Romain Bardet pulls out of Mont Ventoux Dénivelé Challenge with injury

The AG2R La Mondiale rider fell on the first day of the Route d'Occitanie last week

(Image credit: Getty Images)

Romain Bardet suffered a heavy crash on stage one of the recent Route d'Occitanie and has been forced to pull out of Thursday's Mont Ventoux Dénivelé Challenge due to injury to his elbow.

The climbing specialist was using the race as a warm up towards the Tour de France, but will now resume racing at the Critérium du Dauphiné next Wednesday with bruising to his elbow.

In an interview with L'Equipe on Wednesday he said: "My race stopped on the first day."

"I've just been surviving since then, and don't even know whether I'm going to be able to continue racing, as I'm in so much pain.

"I'm going to have some X-rays tomorrow, and just try to look after myself.

"The Tour is still a few weeks away, but I don't want to risk causing any further damage before my big goals."

>>> Watch: Chris Froome responds to French fans booing at La Route d’Occitanie

The winner of the king of the mountains at the Tour de France has since confirmed he will not take the start of the Mont Ventoux Dénivelé Challenge, where he finished second last year, so he can rest and recover.

The main issue is with his left side, especially his arm as he is complaining about pulling on the handlebars, especially when climbing.

In a statement, his Ag2r La Mondiale team said: "Suffering from bruises to his left elbow following his fall during the second stage of the Route d'Occitanie, Romain Bardet will not take part in the CIC Mont Ventoux Dénivelé Challenge tomorrow. He will not be replaced. He will be at the start of the Critérium du Dauphiné."

The French rider did manage eighth place on the summit finish at the Route d'Occitanie where he crossed the line at a very respectable 1-18 down on the fully fit Egan Bernal, who went on to win the overall.

Bardet was originally down to race the Giro d'Italia before the pandemic, but has now turned his attentions back to his home Grand Tour, with the Giro taking on three time trials, and a chance to redeem himself after what was a disappointing race for him last year.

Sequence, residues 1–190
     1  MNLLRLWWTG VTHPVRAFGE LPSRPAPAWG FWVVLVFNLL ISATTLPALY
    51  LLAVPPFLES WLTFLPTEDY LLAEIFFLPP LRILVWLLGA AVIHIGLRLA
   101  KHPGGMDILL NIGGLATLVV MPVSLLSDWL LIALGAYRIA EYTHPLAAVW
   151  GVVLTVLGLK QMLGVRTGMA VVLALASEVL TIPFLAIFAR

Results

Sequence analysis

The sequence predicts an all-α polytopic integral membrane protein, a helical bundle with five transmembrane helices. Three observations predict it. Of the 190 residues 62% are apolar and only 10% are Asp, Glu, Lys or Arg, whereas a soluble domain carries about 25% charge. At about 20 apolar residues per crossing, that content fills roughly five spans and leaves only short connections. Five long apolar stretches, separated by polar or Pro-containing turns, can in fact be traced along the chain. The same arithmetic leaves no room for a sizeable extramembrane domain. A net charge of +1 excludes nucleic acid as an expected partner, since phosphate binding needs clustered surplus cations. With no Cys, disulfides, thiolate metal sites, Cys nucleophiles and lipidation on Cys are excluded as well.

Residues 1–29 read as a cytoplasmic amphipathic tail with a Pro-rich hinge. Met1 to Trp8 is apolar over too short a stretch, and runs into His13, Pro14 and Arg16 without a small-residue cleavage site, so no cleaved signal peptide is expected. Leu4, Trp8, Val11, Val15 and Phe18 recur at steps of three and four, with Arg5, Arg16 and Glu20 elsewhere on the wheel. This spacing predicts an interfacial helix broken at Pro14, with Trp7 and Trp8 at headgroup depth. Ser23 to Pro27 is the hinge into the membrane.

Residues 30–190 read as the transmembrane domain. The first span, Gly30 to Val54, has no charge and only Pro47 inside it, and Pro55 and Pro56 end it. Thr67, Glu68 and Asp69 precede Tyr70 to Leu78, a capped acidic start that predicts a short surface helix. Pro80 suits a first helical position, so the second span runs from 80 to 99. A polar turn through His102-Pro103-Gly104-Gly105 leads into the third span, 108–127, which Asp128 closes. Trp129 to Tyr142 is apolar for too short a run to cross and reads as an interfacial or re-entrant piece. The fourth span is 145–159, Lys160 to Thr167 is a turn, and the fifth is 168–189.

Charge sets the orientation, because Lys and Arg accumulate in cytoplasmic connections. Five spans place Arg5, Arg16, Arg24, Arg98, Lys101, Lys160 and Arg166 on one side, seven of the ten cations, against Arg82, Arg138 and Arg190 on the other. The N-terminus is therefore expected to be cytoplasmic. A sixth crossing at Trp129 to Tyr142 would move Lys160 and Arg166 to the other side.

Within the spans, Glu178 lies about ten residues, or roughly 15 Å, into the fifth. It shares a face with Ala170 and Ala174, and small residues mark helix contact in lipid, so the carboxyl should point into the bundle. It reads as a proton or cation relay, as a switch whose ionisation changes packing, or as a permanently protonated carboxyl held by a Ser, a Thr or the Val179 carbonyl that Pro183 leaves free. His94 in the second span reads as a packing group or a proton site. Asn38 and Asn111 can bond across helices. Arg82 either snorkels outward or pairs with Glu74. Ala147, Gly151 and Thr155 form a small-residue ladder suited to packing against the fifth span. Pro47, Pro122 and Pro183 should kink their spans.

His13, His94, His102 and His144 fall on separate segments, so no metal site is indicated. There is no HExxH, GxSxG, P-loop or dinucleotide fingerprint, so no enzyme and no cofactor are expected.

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Hi, I'm one of Cycling Weekly's content writers for the web team responsible for writing stories on racing, tech, updating evergreen pages as well as the weekly email newsletter. Proud Yorkshireman from the UK's answer to Flanders, Calderdale, go check out the cobbled climbs!

I started watching cycling back in 2010, before all the hype around London 2012 and Bradley Wiggins at the Tour de France. In fact, it was Alberto Contador and Andy Schleck's battle in the fog up the Tourmalet on stage 17 of the Tour de France.

It took me a few more years to get into the journalism side of things, but I had a good idea I wanted to get into cycling journalism by the end of year nine at school and started doing voluntary work soon after. This got me a chance to go to the London Six Days, Tour de Yorkshire and the Tour of Britain to name a few before eventually joining Eurosport's online team while I was at uni, where I studied journalism. Eurosport gave me the opportunity to work at the world championships in Harrogate back in the awful weather.

After various bar jobs, I managed to get my way into Cycling Weekly in late February of 2020 where I mostly write about racing and everything around that as it's what I specialise in but don't be surprised to see my name on other news stories.

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